@misc{zerothi_sisl,
author = {Papior, Nick R.},
title = {sisl: v<fill-version>},
doi = {10.5281/zenodo.597181},
url = {https://doi.org/10.5281/zenodo.597181}
}


### Scripts ###

sisl contain a utility to easily convert geometries from existing files
to other formats. After installing the executable `sgeom` is available which
enables the conversion between all formats accessible as `Sile` objects.

To convert a SIESTA FDF file to `xyz` _and_ an `XV` file one does

sgeom siesta.fdf geom.xyz geom.XV

Try `sgeom -h` for additional features such as repeating the structure.


### Geometry manipulation ###

sisl contain a class for manipulating geometries in a consistent and easy
way. Without using any other feature this enables you to easily create and
manipulate structures in a consistent manner.

For instance to create a huge graphene flake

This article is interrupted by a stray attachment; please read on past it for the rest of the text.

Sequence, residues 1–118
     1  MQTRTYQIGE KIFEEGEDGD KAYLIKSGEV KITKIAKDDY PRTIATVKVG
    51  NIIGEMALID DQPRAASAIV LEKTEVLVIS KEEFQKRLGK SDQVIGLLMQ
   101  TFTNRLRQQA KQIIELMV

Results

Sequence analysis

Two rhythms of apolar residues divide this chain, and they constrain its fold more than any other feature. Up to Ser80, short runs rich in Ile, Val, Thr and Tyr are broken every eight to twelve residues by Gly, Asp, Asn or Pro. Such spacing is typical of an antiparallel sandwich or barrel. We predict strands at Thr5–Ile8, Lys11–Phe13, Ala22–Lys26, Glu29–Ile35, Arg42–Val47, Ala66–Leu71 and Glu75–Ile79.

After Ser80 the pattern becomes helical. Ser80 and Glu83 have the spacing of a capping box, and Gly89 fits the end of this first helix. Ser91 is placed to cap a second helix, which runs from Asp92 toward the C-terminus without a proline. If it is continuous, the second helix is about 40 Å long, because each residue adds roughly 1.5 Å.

sq3h = 3.**.5 * 0.5
sc = SuperCell(np.array([[1.5, sq3h, 0.],
[1.5,-sq3h, 0.],
[ 0., 0., 10.]],np.float64) * 1.42,
nsc=[3,3,1])
gr = Geometry(np.array([[ 0., 0., 0.],
[ 1., 0., 0.]],np.float64) * 1.42,
atom=Atom(Z=6, R=1.42), sc=sc)
huge = gr.tile(100, axis=0).tile(100, axis=1)

Which results in a 20,000 atom big graphene flake.

Several basic geometries are intrinsically available

from sisl.geom import *

# Graphene basic unit-cell
g = graphene()
# SC crystal structure
g = sc(<lattice constant="">, <atom>)
# BCC crystal structure
g = bcc(<lattice constant="">, <atom>)
# FCC crystal structure
g = fcc(<lattice constant="">, <atom>)
# HCP crystal structure
g = hcp(<lattice constant="">, <atom>)

The `Graphene`, `BCC`, `FCC` and `HCP` structures can be created in
an orthogonal unit-cell by adding the flag `orthogonal=True` in the call:

g = graphene(orthogonal=True)

#### IO-manipulation ####

sisl employs a variety of IO interfaces for managing geometries.

The hard-coded file formats are: